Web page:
Under the Trump administration, the CMS determined that the Obama administration rule is not consistent with the statute. Under the proposed rule, providers still would be free to voluntarily join a union and pay union dues from their own pockets.
“The law provides that Medicaid providers must be paid directly and cannot have part of their payments diverted to third parties outside of a few very specific exceptions,” Tim Hill, acting director for the Center for Medicaid and CHIP Services, said in a public statement. “This proposed rule is intended to ensure that providers receive their complete payment, and any circumstances in which a state does divert part of a provider’s payment must be clearly allowed under the law.”
Organized labor opposes the proposed change.
The Service Employees International Union, or SEIU, framed the proposal as an effort to prevent home care workers from unionizing. It issued a statement from union member Melody Benjamin, an Illinois home care worker.
“Together, home care workers are making these poverty-wage jobs into a respected profession and we will not allow any special interest group or self-interested politicians to silence our voices or endanger the high quality care we provide,” Benjamin said in the statement.
In 2014, the Supreme Court ruled in Harris v. Quinn that in-home care providers cannot be forced to pay union dues to qualify for Medicaid funds. That didn’t prevent states from collecting dues, this time indirectly, before the money reaches the provider.
In states such as Oregon and California, providers have only a 10-day window to opt out of paying the dues, according to the State Policy Network.
The top beneficiaries of the Medicaid deductions across the country are the Service Employees International Union and the American Federation of State, County and Municipal Employees (AFSCME), the largest unions representing public-sector employees, said Max Nelsen, director of labor policy at the Freedom Foundation, a conservative group in Washington state.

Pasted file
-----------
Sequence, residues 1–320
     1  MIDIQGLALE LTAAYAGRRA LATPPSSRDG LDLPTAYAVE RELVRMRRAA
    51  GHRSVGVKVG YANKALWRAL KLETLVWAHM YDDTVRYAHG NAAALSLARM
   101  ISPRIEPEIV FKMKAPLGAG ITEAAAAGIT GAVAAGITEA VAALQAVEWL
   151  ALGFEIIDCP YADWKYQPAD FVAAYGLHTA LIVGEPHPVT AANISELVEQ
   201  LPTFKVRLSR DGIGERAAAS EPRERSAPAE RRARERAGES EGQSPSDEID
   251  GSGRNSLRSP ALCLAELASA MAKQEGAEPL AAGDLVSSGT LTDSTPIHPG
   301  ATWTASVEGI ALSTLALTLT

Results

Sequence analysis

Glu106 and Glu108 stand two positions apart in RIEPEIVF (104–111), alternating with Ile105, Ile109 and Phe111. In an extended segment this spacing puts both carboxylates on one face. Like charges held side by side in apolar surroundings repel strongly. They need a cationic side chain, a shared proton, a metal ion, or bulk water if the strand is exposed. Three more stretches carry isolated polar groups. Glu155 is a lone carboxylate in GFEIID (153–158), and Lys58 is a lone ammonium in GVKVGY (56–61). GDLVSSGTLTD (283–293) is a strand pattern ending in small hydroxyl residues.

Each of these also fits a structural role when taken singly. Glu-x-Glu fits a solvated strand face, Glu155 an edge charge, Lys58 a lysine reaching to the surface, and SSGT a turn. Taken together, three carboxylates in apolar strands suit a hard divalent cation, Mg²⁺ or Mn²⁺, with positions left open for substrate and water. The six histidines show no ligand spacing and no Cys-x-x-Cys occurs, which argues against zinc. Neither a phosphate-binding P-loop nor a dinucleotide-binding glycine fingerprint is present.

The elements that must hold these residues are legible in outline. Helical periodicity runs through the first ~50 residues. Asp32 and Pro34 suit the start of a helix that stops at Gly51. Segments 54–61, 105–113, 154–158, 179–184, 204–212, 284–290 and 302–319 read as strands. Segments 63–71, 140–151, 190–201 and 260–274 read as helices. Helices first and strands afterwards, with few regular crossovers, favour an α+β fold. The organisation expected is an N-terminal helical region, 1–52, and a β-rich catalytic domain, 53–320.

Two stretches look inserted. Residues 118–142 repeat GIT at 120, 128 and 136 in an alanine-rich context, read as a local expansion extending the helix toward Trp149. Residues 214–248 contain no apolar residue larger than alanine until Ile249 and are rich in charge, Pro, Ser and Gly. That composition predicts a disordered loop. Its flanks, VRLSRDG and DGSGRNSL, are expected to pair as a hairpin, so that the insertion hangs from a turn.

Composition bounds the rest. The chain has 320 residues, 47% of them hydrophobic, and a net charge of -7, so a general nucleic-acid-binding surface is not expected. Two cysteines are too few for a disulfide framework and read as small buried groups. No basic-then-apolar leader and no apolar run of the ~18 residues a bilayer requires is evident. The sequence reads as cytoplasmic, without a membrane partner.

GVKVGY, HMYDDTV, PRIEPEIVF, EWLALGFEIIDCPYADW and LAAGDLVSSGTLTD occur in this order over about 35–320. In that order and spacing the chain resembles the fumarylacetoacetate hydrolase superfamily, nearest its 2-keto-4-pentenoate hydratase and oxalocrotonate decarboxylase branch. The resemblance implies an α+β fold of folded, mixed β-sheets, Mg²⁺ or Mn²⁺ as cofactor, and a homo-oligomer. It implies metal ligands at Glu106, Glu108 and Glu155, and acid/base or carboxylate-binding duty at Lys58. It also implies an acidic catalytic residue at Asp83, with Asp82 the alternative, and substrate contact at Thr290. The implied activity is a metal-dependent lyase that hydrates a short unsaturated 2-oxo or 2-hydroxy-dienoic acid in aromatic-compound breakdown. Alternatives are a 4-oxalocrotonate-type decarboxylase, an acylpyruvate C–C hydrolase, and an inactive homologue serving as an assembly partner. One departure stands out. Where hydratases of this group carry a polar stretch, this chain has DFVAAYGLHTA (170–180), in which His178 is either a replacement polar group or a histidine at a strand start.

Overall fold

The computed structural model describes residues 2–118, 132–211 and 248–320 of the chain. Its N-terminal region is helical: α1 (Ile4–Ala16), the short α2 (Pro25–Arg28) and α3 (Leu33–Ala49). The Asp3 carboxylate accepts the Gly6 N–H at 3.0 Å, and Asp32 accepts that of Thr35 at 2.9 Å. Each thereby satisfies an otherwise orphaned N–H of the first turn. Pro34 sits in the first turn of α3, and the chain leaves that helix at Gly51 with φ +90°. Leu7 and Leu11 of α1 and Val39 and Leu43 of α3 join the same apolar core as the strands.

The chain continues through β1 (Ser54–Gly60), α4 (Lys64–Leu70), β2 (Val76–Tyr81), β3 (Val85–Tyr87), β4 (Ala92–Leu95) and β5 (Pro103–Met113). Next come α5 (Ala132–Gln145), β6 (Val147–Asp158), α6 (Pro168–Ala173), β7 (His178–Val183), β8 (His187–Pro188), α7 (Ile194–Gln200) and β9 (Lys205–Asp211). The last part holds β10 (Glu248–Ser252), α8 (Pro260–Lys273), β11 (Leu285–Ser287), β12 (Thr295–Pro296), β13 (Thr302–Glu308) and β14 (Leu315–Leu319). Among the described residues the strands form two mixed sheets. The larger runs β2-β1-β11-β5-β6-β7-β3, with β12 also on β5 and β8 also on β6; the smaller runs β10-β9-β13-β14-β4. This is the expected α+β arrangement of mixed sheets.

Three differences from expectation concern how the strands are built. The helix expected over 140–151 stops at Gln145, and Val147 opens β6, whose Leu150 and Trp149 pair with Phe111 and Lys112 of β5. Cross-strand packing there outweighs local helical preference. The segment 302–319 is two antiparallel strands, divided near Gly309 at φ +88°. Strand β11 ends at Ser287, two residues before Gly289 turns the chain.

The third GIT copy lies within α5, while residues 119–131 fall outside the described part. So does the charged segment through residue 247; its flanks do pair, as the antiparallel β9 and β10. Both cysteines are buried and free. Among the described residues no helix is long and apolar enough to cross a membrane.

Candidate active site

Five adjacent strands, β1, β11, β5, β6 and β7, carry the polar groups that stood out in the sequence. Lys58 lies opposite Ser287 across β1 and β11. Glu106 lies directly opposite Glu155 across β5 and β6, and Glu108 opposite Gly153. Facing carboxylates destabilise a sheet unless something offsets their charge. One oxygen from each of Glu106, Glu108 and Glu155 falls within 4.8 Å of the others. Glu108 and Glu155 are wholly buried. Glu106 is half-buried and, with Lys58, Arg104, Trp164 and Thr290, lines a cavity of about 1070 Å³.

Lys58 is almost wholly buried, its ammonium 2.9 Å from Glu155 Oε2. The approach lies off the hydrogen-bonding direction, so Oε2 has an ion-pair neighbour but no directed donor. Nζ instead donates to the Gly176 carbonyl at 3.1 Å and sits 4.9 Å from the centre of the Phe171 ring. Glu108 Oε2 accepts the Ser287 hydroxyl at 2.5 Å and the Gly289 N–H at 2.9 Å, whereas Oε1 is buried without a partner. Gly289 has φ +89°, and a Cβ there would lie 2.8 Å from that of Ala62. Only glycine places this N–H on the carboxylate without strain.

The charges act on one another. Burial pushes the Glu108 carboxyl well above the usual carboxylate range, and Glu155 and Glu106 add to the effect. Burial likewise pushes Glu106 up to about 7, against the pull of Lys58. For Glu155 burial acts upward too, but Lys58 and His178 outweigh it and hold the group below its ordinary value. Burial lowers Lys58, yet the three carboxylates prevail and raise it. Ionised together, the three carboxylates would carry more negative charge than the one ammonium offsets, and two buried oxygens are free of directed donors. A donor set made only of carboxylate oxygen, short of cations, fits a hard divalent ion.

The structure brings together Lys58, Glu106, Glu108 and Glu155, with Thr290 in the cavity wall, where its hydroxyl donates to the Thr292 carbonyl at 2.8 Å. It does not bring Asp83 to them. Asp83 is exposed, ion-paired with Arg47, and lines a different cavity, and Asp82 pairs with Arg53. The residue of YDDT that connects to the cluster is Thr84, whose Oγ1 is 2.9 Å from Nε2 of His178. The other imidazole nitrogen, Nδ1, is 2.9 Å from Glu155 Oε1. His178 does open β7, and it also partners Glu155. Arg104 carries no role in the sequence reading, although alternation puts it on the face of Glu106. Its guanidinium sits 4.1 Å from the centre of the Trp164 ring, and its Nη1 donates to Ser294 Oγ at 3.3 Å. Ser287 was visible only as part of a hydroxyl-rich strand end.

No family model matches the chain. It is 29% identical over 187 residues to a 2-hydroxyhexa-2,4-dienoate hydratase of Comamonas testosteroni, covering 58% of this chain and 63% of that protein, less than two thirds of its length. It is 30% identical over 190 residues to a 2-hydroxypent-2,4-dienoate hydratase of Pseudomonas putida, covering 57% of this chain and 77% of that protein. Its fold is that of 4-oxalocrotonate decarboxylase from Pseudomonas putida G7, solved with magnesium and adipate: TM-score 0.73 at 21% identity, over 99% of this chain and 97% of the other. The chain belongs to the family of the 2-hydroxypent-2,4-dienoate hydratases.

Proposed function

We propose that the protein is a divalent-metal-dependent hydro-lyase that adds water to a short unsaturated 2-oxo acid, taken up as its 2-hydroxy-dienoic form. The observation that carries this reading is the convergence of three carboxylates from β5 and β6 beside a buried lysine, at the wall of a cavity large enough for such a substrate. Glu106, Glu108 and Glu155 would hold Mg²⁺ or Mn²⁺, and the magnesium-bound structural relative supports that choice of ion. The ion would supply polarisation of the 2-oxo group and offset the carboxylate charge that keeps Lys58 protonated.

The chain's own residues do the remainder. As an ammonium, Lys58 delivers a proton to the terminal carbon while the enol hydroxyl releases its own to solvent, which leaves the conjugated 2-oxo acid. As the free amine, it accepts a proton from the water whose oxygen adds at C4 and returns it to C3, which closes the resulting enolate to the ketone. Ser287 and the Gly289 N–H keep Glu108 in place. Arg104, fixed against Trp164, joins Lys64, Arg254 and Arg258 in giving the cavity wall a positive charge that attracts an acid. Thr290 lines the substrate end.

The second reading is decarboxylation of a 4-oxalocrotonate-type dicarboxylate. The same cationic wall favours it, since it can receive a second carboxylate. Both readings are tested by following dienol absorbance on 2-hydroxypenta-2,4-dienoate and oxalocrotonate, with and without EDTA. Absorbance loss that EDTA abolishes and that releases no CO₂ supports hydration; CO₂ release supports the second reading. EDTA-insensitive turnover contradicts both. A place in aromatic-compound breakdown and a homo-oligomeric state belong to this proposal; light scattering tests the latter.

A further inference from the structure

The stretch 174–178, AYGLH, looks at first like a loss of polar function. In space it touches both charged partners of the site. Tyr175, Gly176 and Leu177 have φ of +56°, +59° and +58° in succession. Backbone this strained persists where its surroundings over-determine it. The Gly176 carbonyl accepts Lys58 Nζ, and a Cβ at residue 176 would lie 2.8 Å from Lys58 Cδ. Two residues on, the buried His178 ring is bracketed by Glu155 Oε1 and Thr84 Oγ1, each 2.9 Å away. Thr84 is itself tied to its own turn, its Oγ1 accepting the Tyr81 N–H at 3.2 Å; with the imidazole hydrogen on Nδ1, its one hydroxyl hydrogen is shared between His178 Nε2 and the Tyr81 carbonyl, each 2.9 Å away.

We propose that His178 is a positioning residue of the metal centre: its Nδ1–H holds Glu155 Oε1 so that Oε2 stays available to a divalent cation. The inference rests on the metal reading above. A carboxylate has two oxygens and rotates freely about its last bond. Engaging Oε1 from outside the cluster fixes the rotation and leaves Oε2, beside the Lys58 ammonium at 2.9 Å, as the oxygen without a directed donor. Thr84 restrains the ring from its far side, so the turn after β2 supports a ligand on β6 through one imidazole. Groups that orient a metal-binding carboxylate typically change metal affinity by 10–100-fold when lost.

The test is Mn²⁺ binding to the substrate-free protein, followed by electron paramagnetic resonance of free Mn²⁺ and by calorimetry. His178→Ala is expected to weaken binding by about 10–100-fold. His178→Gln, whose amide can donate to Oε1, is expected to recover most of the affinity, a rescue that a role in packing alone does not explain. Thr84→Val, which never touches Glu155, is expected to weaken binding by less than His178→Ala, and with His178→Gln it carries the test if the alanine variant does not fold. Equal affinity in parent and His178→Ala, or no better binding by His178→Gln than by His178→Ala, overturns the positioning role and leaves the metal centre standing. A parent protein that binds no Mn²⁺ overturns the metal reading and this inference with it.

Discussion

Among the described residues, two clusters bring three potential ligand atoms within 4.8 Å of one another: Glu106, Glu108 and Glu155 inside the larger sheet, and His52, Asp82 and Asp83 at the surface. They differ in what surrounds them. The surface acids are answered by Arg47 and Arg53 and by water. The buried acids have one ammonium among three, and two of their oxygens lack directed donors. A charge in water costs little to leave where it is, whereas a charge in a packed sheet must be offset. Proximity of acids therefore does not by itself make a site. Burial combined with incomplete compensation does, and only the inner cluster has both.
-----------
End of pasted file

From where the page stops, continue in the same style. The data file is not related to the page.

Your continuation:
“The Supreme Court ruling [in Harris v. Quinn] helped. Previously, home care providers could be classified as state employees,” Nelsen told The Daily Signal. “What they are doing now is short of requirements, but still coercive. Unions just rewrote the membership forms and SEIU playbook after Harris.”
Last month, the Supreme Court ruled in the case of Janus v. AFSCME Council 31 that public employees can’t be compelled to pay union dues or other fees. The high court ordered the U.S. 7th Circuit Court of Appeals to reconsider its 2017 decision rejecting a case brought by in-home care workers seeking to recoup Medicaid dollars.
It’s likely the ruling could have a significant impact on the Medicaid issue, said Thomas Jipping, a senior legal fellow with The Heritage Foundation.
“Janus was an expansive decision,” Jipping told The Daily Signal. “The Supreme Court has already told the U.S. Court of Appeals for the 7th Circuit to reconsider its decision on the issue you raise.”
Mark Janus, an Illinois state worker, and other plaintiffs filed the case in light of the Harris ruling. While the Janus ruling would be helpful, it likely won’t have an immediate direct impact on the Medicaid rule change, Nelsen said.
“Janus had no direct impact on the unionization/dues collection practices for ‘partial-public employee’ home caregivers,” Nelsen said.
“There are some principles outlined in the Janus decision that may ultimately be helpful in reversing some union practices, but nothing that would categorically stop states from collecting union dues from caregivers’ Medicaid payments.”